Knowledge organisers: fit for purpose?

Definition of a knowledge organiser: Summary of what a student needs to know that must be fitted onto an A4 sheet of paper.

Desk bins: Stuff I Don't Need to Know...
Desk bins: Stuff I Don’t Need to Know…

If you google the term ‘knowledge organisers’ you’ll find a mass of examples. They are on sale on the TES resource site – some sheets of A4 print costing up to £7.50. It seems knowledge organisers have taken off. Teachers up and down the country are beavering away to summarise what needs to be known in their subject area.

It is good news that teachers are starting to think more about curriculum. More discussion of the ‘what’ is being taught, how it should be sequenced and how it can be remembered is long overdue. However, I think there is a significant weakness with some of these documents. I looked at lots of knowledge organisers to prepare for training our curriculum leaders and probably the single biggest weakness I saw was a confusion over purpose.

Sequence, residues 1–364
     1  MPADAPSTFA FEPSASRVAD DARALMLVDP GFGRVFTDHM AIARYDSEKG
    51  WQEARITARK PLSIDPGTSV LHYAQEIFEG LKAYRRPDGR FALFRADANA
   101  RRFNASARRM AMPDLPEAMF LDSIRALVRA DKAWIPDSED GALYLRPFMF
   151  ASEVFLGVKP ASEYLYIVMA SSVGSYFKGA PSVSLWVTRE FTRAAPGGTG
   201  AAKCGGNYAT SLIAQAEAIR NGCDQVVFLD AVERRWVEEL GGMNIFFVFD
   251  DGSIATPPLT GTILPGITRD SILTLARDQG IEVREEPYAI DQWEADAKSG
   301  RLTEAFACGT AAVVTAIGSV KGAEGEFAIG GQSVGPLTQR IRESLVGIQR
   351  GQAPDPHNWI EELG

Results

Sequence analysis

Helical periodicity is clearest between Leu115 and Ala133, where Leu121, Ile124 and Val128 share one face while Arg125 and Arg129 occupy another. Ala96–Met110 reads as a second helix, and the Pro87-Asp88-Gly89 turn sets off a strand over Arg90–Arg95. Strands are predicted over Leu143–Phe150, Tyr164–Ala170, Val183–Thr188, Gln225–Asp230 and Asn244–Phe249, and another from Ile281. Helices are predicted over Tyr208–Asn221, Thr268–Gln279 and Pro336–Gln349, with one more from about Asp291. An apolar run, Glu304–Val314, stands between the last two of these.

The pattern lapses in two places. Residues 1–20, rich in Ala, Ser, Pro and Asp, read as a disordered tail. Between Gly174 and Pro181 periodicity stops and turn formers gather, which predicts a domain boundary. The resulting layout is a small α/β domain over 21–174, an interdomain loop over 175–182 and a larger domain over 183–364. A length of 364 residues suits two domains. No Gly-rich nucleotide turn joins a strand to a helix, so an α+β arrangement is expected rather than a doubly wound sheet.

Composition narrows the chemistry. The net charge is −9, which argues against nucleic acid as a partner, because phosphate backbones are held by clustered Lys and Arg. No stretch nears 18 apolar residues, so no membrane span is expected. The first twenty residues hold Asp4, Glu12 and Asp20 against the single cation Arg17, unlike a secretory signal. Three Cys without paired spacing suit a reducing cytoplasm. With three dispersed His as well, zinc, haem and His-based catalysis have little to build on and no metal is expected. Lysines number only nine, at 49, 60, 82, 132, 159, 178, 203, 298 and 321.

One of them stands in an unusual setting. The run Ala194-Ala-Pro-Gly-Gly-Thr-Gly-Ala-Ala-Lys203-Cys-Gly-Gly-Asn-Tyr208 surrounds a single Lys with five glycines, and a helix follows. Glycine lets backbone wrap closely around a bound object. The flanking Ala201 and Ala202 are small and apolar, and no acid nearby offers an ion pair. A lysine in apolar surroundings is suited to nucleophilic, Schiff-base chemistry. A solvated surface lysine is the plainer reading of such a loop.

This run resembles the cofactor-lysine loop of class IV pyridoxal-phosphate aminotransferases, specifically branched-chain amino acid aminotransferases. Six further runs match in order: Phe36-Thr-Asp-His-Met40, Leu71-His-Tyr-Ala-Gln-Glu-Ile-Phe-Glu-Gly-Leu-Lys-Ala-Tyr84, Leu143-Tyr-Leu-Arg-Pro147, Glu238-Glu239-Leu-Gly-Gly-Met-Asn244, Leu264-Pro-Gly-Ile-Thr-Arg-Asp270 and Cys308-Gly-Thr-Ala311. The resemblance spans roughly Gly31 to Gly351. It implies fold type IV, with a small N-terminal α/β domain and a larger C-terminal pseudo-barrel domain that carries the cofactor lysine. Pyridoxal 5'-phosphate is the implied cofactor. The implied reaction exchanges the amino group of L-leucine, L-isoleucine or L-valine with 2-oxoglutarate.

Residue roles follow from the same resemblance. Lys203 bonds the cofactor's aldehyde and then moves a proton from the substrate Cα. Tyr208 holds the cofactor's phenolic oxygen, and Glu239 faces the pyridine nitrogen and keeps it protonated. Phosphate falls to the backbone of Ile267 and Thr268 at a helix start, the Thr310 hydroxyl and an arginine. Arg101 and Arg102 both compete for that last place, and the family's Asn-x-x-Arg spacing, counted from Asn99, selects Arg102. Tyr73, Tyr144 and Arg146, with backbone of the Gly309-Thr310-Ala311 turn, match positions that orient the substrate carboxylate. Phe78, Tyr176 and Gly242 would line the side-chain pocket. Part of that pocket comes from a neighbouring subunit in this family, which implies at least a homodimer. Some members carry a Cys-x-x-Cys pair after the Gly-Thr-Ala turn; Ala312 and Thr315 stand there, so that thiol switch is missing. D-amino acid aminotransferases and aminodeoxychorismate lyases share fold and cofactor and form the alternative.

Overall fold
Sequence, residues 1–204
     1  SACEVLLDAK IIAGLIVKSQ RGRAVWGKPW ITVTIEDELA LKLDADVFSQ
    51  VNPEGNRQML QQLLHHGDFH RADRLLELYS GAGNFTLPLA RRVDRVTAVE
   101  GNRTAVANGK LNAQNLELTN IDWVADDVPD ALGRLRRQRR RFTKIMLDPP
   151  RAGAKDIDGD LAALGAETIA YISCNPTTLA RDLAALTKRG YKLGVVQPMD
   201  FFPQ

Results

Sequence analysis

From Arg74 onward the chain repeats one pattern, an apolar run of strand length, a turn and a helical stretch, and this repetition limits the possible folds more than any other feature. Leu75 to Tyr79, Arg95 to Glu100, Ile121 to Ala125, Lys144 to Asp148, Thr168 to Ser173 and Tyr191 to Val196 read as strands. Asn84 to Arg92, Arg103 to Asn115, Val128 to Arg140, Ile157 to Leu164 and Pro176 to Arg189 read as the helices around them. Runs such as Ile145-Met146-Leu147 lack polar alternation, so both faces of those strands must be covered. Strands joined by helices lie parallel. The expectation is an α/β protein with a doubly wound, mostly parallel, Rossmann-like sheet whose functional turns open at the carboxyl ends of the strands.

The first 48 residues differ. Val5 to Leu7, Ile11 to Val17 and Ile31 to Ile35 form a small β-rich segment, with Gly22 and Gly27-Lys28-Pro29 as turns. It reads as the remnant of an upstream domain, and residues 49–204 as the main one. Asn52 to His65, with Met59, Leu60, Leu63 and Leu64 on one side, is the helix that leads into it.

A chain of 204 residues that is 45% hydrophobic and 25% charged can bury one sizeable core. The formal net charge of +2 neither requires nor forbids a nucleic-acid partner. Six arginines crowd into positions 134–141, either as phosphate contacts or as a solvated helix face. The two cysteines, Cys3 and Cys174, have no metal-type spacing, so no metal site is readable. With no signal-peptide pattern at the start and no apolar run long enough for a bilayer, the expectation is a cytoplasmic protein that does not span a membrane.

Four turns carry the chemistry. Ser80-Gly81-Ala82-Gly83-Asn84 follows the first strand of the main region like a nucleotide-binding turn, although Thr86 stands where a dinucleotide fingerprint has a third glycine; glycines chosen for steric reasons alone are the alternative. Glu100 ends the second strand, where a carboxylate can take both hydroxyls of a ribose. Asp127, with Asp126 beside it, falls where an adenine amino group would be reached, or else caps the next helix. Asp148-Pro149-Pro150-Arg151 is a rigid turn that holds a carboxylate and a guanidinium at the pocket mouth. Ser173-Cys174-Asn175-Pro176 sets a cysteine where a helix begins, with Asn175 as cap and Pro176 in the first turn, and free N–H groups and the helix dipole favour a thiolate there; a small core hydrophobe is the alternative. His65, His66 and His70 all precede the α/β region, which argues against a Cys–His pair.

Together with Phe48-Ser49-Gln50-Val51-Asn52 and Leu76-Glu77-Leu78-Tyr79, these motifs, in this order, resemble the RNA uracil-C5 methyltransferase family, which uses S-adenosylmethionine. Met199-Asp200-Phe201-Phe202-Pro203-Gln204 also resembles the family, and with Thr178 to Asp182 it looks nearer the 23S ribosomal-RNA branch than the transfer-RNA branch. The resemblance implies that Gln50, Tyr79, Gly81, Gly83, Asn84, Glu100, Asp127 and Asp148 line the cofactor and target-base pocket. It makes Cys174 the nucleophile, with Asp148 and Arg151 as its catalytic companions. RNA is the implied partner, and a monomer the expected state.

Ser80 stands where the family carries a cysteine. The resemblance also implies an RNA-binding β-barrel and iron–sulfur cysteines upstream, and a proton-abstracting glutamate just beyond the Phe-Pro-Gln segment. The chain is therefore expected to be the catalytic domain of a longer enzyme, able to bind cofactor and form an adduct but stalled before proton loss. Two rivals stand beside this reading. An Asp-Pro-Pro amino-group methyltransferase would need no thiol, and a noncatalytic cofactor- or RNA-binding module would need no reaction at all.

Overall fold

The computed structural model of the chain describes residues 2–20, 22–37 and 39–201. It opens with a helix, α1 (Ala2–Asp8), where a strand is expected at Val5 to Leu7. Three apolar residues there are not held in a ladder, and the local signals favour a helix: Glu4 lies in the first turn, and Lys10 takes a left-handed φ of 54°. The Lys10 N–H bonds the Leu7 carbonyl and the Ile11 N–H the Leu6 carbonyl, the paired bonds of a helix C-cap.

I think there are three very valid purposes for knowledge organisers:

  1. Curriculum mapping – for the TEACHER

Identifying powerful knowledge, planning to build schemas, identifying transferable knowledge and mapping progression in knowledge.

  1. For reference – for the PUPIL

In place of a textbook or a form of summary notes for pupils to reference.

  1. A list of revision items – for the PUPIL (and possibly the parents)

What the teacher has decided ALL pupils need to know as a minimum at the end of the topic.


All three purposes can be valid but when I look at the mass of organisers online I suspect there has often been a lack of clarity about the purpose the knowledge organiser is to serve.

Classic confusions of purpose:

  1. Confusing a curriculum mapping document with a reference document: